Michigan senators will vote against GOP's short-term budget

WASHINGTON - U.S. Sens. Gary Peters and Debbie Stabenow, both D-Mich., will vote against a short-term budget proposal made by Republicans to keep government open past a midnight deadline. 

With a shutdown looming, Peters' office confirmed just before noon that the senator would vote against the plan approved by the U.S. House on Thursday. Later, Stabenow's office said she would vote against the proposal as well.

Both had previously voted for a short-term budget proposal passed late last year to keep government open. 

“I would support a continuing resolution that keeps the government open and allows several more days to reach a long-term budget agreement, but I cannot vote for (a plan) that only perpetuates this broken budget process," said Peters. The Republican proposal would extend government funding until mid-February. 

With both Michigan senators prepared to vote down the plan, it appeared that Senate Republicans, needing at least nine Democrats to back the proposal, do not have the support required to pass it.

Democrats are balking at voting on yet another short-term budget fix without Republicans making a firm proposal on how to protect people brought into the U.S. as children by undocumented immigrants and now facing deportation by the Trump administration.

Efforts to produce a bipartisan immigration plan were dealt a severe blow last week after reports that President Donald Trump, in meeting with members of Congress, rejected a plan that could have protected the so-called Dreamers and objected to proposals that led to continued immigration from what he was said to refer to as "shithole" countries. 

Republican leaders in Congress, however, are arguing that the Democrats are needlessly forcing a shutdown, since negotiations on immigration can continue independently of funding for the government. 

Peters disagreed, saying Republicans have falled to meet "the most basic responsibility of Congress." 

"For far too long, we have lurched from deadline to deadline," Peters said. "No organization or business would plan a budget month by month, and Congress shouldn’t either. As a member of the Senate Armed Services Committee and Homeland Security Committee, I am deeply concerned that the lack of a budget agreement jeopardizes America’s security – both abroad and here at home."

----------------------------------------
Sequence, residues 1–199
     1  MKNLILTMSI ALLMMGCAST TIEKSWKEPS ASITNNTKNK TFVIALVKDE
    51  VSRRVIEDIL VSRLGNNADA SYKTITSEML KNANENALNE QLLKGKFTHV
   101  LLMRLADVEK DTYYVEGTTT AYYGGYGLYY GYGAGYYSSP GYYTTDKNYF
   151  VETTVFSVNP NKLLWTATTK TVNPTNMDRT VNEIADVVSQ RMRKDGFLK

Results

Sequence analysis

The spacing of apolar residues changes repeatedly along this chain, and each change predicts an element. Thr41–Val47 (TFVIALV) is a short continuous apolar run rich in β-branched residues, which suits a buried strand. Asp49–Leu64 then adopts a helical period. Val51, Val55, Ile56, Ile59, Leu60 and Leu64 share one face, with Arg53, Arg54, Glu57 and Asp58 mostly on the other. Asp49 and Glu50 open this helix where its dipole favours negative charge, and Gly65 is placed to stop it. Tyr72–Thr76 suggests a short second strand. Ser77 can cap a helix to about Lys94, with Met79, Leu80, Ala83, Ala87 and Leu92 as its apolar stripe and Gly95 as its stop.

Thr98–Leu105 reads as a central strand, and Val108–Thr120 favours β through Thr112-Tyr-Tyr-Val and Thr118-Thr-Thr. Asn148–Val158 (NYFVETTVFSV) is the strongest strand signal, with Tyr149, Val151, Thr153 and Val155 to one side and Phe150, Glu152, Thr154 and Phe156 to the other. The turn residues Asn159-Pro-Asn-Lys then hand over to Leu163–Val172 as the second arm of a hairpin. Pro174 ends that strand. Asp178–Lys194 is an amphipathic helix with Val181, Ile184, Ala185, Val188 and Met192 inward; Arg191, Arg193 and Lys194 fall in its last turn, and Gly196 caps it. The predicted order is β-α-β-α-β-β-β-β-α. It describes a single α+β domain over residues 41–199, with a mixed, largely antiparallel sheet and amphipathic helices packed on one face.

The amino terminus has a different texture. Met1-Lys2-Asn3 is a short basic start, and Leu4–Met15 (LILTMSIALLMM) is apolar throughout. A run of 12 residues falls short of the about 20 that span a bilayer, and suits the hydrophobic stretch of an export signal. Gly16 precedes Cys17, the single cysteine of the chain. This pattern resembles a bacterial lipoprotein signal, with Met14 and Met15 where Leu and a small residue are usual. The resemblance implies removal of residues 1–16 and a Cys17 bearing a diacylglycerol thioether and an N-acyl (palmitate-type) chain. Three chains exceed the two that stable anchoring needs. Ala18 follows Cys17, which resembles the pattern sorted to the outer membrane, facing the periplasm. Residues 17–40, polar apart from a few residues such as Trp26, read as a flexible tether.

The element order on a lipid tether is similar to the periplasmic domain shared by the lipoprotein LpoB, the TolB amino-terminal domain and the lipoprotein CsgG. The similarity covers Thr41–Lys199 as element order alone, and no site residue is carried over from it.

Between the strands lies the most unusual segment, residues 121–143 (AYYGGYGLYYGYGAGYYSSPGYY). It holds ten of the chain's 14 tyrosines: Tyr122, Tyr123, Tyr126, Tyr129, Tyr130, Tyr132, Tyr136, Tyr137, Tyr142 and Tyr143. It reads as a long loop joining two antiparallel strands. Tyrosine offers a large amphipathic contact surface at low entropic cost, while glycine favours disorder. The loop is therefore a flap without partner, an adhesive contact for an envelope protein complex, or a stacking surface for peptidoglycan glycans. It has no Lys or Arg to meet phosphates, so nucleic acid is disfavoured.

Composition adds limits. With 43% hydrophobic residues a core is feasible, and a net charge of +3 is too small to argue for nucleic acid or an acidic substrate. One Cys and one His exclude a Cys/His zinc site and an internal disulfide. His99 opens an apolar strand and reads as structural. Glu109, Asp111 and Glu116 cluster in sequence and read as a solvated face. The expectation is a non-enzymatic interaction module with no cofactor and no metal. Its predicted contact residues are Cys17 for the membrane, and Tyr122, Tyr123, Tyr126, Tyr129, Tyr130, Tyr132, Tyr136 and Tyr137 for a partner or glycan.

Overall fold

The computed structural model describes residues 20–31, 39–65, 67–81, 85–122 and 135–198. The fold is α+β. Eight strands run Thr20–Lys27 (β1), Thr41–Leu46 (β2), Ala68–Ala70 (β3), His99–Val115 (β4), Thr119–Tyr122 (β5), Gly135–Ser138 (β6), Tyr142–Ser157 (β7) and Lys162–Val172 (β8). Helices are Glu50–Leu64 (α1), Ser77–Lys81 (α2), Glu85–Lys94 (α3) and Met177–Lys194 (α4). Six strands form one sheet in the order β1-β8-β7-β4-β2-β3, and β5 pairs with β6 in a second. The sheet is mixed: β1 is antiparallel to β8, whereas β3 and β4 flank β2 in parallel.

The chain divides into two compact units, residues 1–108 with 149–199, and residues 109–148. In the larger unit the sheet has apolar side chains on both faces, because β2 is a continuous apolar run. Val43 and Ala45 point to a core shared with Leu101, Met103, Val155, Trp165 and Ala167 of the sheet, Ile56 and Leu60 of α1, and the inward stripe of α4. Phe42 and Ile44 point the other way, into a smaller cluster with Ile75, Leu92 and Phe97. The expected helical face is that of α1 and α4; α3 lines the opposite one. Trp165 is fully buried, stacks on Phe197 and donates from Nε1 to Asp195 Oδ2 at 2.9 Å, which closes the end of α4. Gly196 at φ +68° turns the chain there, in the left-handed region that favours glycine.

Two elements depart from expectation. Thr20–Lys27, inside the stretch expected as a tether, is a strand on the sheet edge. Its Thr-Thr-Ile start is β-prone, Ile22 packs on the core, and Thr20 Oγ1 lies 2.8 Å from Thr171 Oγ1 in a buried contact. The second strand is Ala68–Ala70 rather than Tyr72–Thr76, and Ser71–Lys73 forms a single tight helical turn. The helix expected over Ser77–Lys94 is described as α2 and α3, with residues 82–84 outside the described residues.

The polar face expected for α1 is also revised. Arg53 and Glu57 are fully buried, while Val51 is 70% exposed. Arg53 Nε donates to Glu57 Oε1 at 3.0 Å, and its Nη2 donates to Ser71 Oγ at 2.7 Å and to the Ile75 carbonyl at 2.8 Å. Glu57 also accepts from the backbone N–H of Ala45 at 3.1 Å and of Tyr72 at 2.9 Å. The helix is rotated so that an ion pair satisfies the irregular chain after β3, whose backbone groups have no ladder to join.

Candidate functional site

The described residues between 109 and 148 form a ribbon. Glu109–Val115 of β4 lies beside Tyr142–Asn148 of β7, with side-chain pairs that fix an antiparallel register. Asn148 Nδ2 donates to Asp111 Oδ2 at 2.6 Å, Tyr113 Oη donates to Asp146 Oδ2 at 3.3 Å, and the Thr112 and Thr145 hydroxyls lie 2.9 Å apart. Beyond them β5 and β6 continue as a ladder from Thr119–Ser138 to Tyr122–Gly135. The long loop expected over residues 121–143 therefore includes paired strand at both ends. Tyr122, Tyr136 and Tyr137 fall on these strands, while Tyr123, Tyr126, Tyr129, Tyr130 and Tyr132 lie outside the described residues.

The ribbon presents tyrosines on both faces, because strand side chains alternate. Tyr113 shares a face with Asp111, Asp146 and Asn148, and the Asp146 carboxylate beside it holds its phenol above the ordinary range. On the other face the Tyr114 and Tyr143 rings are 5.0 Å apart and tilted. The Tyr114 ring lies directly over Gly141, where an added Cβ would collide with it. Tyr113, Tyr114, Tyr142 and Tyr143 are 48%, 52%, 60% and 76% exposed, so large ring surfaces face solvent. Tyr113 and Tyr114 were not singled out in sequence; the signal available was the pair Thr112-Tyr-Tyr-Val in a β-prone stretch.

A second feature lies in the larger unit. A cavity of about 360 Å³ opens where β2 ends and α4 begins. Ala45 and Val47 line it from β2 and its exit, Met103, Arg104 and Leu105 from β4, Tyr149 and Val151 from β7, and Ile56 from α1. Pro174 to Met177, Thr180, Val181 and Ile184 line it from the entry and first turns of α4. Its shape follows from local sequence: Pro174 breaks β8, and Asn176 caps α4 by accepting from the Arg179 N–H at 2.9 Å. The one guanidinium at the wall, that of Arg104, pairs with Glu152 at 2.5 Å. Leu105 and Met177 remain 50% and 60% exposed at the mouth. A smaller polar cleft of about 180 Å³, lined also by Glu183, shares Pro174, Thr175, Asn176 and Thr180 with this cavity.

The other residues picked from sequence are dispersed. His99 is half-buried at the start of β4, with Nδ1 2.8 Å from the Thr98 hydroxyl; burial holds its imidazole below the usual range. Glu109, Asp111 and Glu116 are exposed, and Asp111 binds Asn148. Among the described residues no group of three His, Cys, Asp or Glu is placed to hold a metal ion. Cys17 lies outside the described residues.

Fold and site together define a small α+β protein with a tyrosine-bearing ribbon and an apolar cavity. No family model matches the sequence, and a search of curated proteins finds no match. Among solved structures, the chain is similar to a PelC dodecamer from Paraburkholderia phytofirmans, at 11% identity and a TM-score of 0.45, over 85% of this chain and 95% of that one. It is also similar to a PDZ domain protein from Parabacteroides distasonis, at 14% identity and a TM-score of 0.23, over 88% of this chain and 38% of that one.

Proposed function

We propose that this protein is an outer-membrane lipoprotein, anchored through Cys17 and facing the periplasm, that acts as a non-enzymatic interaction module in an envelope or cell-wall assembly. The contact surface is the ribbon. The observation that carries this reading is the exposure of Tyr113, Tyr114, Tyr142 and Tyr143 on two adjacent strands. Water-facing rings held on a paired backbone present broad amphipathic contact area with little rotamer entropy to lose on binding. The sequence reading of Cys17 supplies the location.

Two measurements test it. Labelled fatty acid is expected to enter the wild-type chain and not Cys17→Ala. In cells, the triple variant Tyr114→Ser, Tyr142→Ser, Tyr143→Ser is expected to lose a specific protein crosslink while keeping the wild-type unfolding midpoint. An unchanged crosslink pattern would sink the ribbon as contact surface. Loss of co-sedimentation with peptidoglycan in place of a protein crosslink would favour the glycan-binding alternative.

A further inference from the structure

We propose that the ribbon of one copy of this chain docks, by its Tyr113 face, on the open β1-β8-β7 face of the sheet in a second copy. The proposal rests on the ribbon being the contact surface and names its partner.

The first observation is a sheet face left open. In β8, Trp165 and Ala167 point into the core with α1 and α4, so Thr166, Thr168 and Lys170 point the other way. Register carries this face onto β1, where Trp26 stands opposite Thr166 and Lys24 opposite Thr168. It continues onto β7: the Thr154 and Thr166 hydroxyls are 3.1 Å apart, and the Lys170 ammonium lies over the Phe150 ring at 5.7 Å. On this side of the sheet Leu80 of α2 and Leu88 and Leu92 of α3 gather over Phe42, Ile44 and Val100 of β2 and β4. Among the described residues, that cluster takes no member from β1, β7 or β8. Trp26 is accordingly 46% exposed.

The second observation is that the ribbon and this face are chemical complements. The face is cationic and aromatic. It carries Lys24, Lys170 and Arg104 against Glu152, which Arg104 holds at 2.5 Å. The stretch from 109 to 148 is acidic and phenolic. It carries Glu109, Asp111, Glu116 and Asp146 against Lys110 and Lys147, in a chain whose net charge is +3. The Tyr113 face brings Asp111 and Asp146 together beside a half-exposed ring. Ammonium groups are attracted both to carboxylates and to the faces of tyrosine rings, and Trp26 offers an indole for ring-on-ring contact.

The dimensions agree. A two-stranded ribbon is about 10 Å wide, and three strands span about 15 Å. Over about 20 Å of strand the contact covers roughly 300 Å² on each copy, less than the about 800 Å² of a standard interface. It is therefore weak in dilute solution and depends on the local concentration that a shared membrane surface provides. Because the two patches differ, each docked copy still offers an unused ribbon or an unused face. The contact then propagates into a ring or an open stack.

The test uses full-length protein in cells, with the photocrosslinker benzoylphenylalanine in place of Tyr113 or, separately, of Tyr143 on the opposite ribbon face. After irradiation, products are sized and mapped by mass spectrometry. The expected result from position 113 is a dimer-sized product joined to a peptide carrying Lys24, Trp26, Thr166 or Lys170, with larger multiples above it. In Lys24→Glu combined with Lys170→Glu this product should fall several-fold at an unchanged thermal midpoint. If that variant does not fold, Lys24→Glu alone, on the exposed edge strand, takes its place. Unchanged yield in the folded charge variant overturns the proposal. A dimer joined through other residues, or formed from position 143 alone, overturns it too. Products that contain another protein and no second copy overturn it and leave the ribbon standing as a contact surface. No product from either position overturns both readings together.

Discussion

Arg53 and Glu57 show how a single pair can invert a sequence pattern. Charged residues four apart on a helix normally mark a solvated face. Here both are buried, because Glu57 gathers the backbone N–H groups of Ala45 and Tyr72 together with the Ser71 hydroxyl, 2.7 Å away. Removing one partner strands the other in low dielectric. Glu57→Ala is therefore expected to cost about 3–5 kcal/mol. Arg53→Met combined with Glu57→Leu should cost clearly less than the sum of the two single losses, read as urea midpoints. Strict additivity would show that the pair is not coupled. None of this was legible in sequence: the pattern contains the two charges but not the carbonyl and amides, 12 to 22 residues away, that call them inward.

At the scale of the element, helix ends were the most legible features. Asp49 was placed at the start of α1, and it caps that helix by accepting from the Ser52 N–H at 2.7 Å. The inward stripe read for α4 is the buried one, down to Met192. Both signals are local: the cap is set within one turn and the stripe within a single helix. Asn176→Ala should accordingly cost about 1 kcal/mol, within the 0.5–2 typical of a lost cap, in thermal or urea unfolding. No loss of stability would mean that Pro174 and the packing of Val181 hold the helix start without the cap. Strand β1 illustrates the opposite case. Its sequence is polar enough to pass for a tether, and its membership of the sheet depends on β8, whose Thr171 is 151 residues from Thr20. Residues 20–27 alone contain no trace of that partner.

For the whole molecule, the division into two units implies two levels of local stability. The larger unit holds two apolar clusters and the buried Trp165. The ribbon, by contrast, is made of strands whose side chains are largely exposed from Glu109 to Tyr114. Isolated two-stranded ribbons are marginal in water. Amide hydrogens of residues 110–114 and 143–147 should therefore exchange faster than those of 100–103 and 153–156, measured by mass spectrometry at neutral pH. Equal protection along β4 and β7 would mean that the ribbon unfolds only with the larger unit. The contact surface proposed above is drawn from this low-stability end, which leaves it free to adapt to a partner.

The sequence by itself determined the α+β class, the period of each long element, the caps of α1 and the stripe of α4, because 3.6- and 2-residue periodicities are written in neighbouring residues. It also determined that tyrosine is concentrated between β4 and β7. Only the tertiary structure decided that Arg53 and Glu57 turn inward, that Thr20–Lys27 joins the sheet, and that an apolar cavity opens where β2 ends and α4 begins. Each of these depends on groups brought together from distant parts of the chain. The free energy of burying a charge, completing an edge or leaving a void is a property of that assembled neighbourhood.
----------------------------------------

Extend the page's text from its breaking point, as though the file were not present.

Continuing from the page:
Peters said he had earlier supported a short-term resolution "so both parties would have more time to negotiate a long-term budget framework" and address issues such as funding for the Children’s Health Insurance Program, disaster aid for Puerto Rico and protections for the so-called Dreamers, but that those issues are still unaddressed.

"It is past time for Congress to take action," he said.

Stabenow's office said she is working with members of both parties to reach a long term solution on government funding but believes that another short-term plan is "no way to do business." 

If a shutdown occurs late Friday, the effects of it are not likely to be felt until Monday when most government employees would return to work. Under modern rules for shutdowns, most functions deemed essential ¡ such as law enforcement, national security and even processing Social Security and Medicare benefits — remain in place, even though some workers performing those tasks may not be paid until a budget deal is reached.

Border patrol agents would remain on duty, taxes would still be collected and veterans hospitals would still be staffed. But in other cases, workers deemed non-essential — such as Forest Service workers, U.S. Fish and Wildlife personnel and U.S. Census employees — could be sent home.  

In the last shutdown in 2013, which lasted slightly more than two weeks, about half of the 5,000 or so members of the American Federation of Government Employees Local 1658, who work as civilian employees at the Army’s Tank Automotive Command in Warren and at Selfridge Air National Guard Base in Harrison Township, were sent home, said the union's president, Paul Veselenak.

"I’ve been advising my foks that if there is a shutdown, they can’t automatically expect to be paid. We don’t know," Veselenak said Friday. "(And) If government employees are not getting paid or if there is uncertainty about whether they are going to get paid, it creates a lot of uncertainty."

After the last shutdown, Congress funded back pay for workers who had been furloughed as well as for those who were required to work throughout it. Meanwhile, a shutdown could result in the curtailment of some programs, such as those under the Women, Infants and Children (WIC) nutrition program, depending on the level of available funding.

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© 2018 Detroit Free Press


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